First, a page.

Thursday, May 22, 2014

Bramber Castle

There is not a lot to see at Bramber Castle, but close your eyes and feel the history.

The ruin of the wall of the keep/gatehouse looks even more imposing looming above as you walk up the slope to the flat grassy area. There are lower walls showing the craftsmanship of the builders of these walls. Ahead is knoll. There are areas of stonework still standing but for the most part there is nothing to see except marvellous views, which, with the absence of all the trees would have given a panoramic view for miles.

Bramber is a Motte and Bailey Castle. Initially this type of castle would have been wooden, replaced by stone in the 1100s. Motte and bailey are Norman French words meaning mound and enclosed land.

William de Braose, founded the castle as a defensive and administrative centre for Bramber, following the Norman Conquest. Sussex was divided into six administrative regions known as 'rapes', each 'rape' controlling a vulnerable point of the strategically important Sussex coast. Each region was controlled by a castle.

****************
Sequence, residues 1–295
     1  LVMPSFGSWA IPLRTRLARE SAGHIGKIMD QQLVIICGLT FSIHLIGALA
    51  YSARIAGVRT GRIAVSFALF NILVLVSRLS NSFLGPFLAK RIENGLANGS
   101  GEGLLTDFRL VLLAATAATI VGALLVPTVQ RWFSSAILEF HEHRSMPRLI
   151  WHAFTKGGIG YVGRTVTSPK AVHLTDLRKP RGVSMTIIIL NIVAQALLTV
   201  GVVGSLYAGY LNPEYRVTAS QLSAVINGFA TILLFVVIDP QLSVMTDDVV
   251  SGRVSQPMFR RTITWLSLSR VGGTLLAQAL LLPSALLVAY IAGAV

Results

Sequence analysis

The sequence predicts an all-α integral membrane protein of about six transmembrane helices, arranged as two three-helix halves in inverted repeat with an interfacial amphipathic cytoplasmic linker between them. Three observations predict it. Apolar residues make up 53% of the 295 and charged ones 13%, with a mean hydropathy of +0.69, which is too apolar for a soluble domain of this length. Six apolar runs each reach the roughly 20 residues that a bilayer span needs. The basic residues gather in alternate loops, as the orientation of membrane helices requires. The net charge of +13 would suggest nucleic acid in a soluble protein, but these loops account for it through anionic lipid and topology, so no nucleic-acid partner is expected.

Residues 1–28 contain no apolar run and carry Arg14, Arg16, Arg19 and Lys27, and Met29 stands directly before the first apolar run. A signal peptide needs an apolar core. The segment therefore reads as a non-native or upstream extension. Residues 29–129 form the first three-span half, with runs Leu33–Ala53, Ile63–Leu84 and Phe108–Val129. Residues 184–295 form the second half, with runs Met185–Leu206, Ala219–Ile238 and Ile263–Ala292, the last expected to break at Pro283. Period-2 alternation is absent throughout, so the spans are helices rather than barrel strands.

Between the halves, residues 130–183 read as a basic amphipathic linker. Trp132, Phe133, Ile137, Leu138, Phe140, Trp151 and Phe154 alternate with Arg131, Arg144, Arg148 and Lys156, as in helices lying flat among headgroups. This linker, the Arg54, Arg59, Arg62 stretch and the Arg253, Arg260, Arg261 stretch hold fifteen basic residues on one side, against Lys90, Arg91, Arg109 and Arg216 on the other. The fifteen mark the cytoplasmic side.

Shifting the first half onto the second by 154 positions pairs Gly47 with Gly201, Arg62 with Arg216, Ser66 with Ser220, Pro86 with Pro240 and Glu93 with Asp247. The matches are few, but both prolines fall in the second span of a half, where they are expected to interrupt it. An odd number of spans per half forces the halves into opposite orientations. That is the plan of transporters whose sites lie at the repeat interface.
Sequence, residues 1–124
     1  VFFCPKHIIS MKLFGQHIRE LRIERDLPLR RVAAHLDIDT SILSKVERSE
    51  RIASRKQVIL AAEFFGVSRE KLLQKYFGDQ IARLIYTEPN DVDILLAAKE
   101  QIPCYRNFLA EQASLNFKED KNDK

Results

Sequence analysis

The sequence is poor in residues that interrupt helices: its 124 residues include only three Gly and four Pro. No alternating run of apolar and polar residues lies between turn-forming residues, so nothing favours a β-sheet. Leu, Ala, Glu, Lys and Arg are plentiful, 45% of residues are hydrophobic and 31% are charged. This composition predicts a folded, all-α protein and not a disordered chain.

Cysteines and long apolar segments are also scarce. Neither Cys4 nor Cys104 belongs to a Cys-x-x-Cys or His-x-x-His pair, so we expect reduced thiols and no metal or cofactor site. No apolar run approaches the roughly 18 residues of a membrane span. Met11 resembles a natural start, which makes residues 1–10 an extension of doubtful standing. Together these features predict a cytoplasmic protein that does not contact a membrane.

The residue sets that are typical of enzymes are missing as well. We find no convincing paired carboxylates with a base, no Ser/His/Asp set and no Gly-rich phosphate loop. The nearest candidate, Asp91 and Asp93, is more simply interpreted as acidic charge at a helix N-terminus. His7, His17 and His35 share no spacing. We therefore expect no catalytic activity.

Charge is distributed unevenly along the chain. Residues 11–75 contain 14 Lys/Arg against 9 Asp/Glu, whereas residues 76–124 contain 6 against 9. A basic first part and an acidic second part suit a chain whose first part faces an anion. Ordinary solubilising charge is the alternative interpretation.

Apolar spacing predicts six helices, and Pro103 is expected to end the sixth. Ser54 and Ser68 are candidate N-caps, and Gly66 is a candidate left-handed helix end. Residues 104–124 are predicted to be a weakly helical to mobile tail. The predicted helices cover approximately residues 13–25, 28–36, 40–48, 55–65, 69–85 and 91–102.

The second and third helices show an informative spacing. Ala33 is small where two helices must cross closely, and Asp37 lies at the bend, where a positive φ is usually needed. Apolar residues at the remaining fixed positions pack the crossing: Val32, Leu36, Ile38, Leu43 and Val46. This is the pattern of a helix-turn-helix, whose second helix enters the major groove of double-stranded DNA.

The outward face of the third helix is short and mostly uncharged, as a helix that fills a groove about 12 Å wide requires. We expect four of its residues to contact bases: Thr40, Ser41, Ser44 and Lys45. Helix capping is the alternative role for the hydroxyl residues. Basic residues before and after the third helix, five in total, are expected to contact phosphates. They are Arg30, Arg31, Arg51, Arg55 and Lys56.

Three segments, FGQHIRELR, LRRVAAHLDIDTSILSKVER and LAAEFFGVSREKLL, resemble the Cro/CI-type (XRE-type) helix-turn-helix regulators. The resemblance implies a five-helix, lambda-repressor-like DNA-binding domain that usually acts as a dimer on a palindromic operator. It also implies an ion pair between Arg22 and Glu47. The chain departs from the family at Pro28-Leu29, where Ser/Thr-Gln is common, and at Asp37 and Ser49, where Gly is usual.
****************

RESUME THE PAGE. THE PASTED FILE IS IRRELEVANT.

The de Braose family and his descendants held the castle from its foundation in 1073 to 1450 except for a brief period, when it was confiscated by King John. Bramber defended the then important Adur harbour and the Adur gap through the South Downs, where the river Adur flowed to the sea.

Following substantial subsidence during the 16th Century, the castle lay in ruins.

Wild flowers abound on the edges of the 'bailey'

The Parish Church of St Nicholas does still stand although not entirely in its original form: it did once form part of the castle wall.

The ditch that was originally dug to raise the motte and bailey even higher has now become an enchanting woodland walk.


  1. Love this post - and that last photo especially!

  2. Thanks Terry...nice to see you make me realise it's time I did more posting...